Friday, June 26, 2009
Antonucci: The overall league is healthy
ESPNSoccernet caught up with Women's Professional Soccer commissioner Tonya Antonucci to talk about how the league is coming together so far and to look ahead to the rest of the season and next year.
Tonya Antonucci is delighted with the quality of play so far in WPS. (John Todd/ISIPhotos.com/Other)
ESPNsoccernet: What are your thoughts on the first half of the WPS season?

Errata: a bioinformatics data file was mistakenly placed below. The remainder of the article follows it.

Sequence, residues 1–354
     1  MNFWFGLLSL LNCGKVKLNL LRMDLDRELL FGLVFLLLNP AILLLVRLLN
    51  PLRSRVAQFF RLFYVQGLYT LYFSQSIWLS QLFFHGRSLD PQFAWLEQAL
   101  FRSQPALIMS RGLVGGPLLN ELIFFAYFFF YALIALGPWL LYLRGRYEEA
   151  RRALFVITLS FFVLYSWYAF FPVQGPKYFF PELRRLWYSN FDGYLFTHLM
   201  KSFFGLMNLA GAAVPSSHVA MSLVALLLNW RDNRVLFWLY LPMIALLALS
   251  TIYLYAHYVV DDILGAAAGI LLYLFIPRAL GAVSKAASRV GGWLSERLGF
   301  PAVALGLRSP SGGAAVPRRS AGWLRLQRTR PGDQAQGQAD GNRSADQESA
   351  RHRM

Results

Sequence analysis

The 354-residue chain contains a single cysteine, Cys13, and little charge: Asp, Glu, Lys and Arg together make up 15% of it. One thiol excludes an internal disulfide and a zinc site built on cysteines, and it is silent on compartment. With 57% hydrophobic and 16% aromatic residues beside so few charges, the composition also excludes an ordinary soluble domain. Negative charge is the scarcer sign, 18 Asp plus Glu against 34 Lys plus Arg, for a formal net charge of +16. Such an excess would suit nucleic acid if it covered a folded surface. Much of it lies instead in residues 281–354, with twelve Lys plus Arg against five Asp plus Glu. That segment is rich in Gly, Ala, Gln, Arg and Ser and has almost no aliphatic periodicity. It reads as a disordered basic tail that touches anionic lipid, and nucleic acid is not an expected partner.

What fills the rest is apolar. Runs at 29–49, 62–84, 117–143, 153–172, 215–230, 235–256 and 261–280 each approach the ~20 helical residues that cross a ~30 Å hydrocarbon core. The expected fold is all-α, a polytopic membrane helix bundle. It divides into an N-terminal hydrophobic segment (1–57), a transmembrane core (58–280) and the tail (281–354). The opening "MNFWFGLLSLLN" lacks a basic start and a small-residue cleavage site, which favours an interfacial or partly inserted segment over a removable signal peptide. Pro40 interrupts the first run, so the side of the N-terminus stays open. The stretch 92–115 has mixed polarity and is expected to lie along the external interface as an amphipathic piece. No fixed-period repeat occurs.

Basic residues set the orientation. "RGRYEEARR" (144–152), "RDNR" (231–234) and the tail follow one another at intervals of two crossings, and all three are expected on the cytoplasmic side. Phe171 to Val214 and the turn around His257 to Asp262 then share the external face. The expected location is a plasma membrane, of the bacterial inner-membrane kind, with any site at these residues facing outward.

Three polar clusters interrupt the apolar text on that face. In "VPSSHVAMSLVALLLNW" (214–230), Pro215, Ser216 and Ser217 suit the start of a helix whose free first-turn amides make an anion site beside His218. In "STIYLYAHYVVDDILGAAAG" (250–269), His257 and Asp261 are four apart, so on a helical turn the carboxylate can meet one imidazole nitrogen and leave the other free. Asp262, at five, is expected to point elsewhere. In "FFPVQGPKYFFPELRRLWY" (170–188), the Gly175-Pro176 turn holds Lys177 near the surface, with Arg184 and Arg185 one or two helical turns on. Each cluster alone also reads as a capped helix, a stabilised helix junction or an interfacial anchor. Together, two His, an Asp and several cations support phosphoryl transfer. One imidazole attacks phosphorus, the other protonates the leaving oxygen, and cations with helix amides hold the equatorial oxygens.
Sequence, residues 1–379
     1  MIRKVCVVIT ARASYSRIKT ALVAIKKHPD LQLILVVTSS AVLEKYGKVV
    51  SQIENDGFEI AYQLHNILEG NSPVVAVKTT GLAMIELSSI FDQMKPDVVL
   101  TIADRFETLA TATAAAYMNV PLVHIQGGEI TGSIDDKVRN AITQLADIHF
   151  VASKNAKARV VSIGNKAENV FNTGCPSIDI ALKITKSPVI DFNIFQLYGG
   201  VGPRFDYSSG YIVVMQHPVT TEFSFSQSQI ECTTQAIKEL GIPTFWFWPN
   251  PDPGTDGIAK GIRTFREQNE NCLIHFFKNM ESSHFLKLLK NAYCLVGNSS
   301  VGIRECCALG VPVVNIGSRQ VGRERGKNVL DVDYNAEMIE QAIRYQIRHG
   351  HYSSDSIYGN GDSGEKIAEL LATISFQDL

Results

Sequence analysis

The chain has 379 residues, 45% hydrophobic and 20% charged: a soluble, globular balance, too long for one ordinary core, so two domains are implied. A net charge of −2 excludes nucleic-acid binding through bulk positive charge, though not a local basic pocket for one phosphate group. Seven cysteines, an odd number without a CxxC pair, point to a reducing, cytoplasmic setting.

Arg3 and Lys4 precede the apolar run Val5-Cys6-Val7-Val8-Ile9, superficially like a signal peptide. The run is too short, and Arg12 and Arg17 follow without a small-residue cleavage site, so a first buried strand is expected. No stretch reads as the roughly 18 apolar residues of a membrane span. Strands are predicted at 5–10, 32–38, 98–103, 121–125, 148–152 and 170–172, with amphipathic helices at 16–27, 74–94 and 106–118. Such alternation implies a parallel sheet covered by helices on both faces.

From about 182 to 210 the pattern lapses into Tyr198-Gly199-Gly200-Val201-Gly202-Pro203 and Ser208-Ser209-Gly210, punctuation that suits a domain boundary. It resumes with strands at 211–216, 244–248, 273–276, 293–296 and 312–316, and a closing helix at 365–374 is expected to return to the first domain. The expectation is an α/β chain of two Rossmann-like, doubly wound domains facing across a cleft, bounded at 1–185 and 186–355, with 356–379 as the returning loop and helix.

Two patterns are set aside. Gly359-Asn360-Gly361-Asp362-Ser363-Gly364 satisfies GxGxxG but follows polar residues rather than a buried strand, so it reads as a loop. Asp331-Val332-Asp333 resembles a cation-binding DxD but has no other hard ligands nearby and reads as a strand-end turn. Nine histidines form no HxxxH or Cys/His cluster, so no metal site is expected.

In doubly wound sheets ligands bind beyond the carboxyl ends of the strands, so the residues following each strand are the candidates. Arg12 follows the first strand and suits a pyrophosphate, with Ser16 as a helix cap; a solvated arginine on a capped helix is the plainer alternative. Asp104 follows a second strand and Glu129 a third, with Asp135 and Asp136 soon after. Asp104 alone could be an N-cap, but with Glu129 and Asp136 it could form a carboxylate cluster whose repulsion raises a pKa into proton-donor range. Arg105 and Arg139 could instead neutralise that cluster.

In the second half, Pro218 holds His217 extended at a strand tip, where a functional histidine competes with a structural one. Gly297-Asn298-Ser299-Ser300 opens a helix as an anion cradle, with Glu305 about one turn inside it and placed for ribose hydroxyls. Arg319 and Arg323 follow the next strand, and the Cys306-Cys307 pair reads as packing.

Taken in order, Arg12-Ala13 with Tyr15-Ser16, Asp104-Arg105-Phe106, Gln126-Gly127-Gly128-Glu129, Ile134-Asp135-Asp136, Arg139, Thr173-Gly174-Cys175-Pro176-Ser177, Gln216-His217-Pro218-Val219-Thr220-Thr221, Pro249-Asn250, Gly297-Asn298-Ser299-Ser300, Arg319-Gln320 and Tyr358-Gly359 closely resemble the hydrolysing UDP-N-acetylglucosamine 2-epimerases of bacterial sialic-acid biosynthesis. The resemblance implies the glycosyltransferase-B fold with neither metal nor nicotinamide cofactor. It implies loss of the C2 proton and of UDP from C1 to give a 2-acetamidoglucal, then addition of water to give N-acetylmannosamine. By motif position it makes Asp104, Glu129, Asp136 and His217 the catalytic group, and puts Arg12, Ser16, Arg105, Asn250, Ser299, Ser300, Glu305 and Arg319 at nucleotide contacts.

Antonucci: In terms of a first-half look-in -- I'll start with quality of play. I think we feel like we've really knocked this out of the park. We've had a lot of close games, which is great for fans and has kept the standings churning a bit -- not withstanding L.A., which has a very comfortable lead at the top. We've had only five scoreless ties thus far, so we think -- you know we'd always love to see more goals and the players produce more goals, but having only five scoreless ties we think is a good result. ESPNsoccernet: Are sponsor deals and TV ratings where you want them to be? TA: I'll talk about TV first. I think we're generally happy about our Fox Soccer Channel ratings thus far. They've been growing and trending upward. We're averaging just shy, really close to a .1 rating. You could call it a .1 with rounding up rating in terms of our weekly average of viewers. That's very close to 50,000 viewers. We'd love to cross the 50,000 mark. We had one game with almost 60,000 viewers. That's a good result thus far. Sponsorship -- we've worked very hard on it. It's been tough with marketing budgets contracting. It's affected every sports league and multiple businesses that rely on sponsorship dollars. Our short-term goals have not been met. Having said that, we have a long-term outlook for the whole league and in terms of our dollars from our sponsorship. We have tried to diversify a few revenue streams this year to make up for it and our outlook is quite positive for later this season and next season. I think the industry as a whole has seen a corner being turned and marketing budgets are opening up. We have some very interested partners who would come in to sponsor the back half of our season and the postseason. The challenge for us in part two is just establishing a value of a new property. People need to see it to believe it, right? When you're launching something, you have to get it to that point and it's very tangible and real and then conversations start. We've got some very interested partners, so we're cautiously optimistic about the second half of the season and going into next season. Partnerships for 2010 are active and in discussion and I think that's a very positive sign. I'll say that we are still actively shopping the space below our numbers at the national level, so a jersey sponsor for the season and we could be close to announcing something very soon. Not the way we wanted to start, but in this economy not a surprise and we're seeing some positive signs as we move into the second half. ESPNsoccernet: The 4,000-6,000 attendance average is something that's been talked about. Overall the average for league attendance has been in that range, but we've seen some games come in lower than that. How big of a problem is it for the league and the teams to have attendance numbers under 4,000 and what are some teams doing to try to boost attendance? TA: Part of the challenge is that weekday crowds are a struggle. Some of those lower attendance games which are not in our wheelhouse of expectations are weekday games. That is a struggle that we recognize and we need to deal with for 2010. I think that we've learned some lessons on scheduling. We play in stadiums, some of which are shared with MLS and other programming. Scheduling is always going to be a complicated process. We aren't always going to get our first choices or even our second choices and that's some of the cards that will be dealt this year and future years. But I think we've learned some lessons about the scheduling that will help bring larger concentrated crowds out in the future and future seasons. That, mixed with good grassroots marketing and season-ticket sales efforts, will help us improve our numbers. The good news is that we are in the wheelhouse of our overall league expectations as teams kind of make spot adjustments. The overall league is healthy in terms of where we wanted to set our expectations. ESPNsoccernet: With the Atlanta Beat and Philadelphia Independence fully on board for 2010, how will those teams get their rosters and what will the expansion draft be like? Also, will we see a 10th team next season? TA: There's still a possibility for a 10th team. We're talking to some groups. Some of the cities include -- now we never rule out anything -- but our active conversations are Dallas, Denver, San Diego, Vancouver and potentially Seattle. But we want to do it properly -- right mix of investors, stadium and viable market, community support and infrastructure. We won't rush, but there is a possibility of a tenth team for 2010. New teams are coming into the league for about $1 million. That's kind of the framework that I can tell fans. It's a good trend obviously to be at our midway point having added two teams. How are they going to get their players? We're actually going to have a Board of Governors call [this week] to ratify an expansion draft mechanism that we've been working on for months. Fans should know that a lot of hard work has been put into this and the two expansion teams have been participating in those discussions so that we have a fair approach for those teams and the fans that are going to follow them. Certainly, we as a league have an objective that the teams that come in don't have to wallow for years and years at the bottom of the table because they weren't able to acquire top talented players. We want to find a mix, and believe we've got a plan that will give access to some players on our existing teams in their initial expansion draft which would happen at the conclusion of the season. It would also give them some preferential treatment in our international player rights allocation and, further, some preferential treatment in our general draft in January 2010. We have probably gone, I would say, a little further than other leagues go in terms of treatment of expansion teams but we've struck a balance not to -- we certainly don't want to go so far as to materially impact the teams that are existing and who came in and were inaugural teams. ESPNsoccernet: After the Freedom-Athletica game on May 3 -- the disciplinary committee did not issue any suspensions -- but you suspended Abby Wambach and Kia McNeill. Can you explain how that happened and how you made that decision? TA: I think it's very rare that a commissioner should step in and it was not something I took lightly. I don't plan to do that very often, but I did feel that the refereeing and our disciplinary committee were either not equipped to or did not take the necessary steps to judge on what was some dangerous, reckless play -- which, in my opinion, if left as is could have sent a message sort of in and of itself that the kind of play could be tolerated. It was a tough decision for me personally, I'll tell you, because I think Abby Wambach is an amazingly talented player. She's a great person, wonderful role model and hero for our players and has done nothing but support this league and the importance of this league so she has been probably one of our greatest ambassadors. So that was a hard decision for me personally in that sense, but I felt like it was the right thing to do ultimately to protect Abby and to protect other players. Again, I think it's something that should be done rarely out of the commissioner's office. I will go on to say that I feel our disciplinary process has only gotten better, more focused and our conversations with U.S. Soccer have been improving since that time and have continue to improve such that I feel like I can be less involved in that sense. ESPNsoccernet: Because of Euro 2009, which begins Aug. 23, at least eight players -- Kelly Smith [England] and Sonia Bompastor and Camille Abily [France] to name a few -- will have to miss the final on Aug. 22 and possibly all of the playoffs to be with their national teams. Would an 18-game schedule have been an option -- with the final taking place two weeks earlier in August? And what is the plan for the World Cup in 2011 [which runs June 26 to July 17]? TA: I think we'll take these learnings into 2011 and make adjustments as we can. It's tough to have teams play fewer games because the teams that are affected are going to balk. That's something that can be looked at, but I think overall, to your point, I think we want to look at what kind of adjustments can we make earlier in the season and the beginning of the season. ESPNsoccernet: Looking at the postseason -- What kind of individual awards will be handed out? TA: I'm happy to announce that the most valuable player from our league will be receiving the Michelle Akers trophy. We're thrilled that she has agreed to be honored as the name-bearer of the trophy. She is, in many circles and in this commissioner's opinion, the best player that's ever played the game. Jacqueline Purdy covers women's soccer for ESPN.com. She also is an editor for ESPNRadio.com. She can be reached by e-mail at email@example.com and friended on ESPN's fan profiles.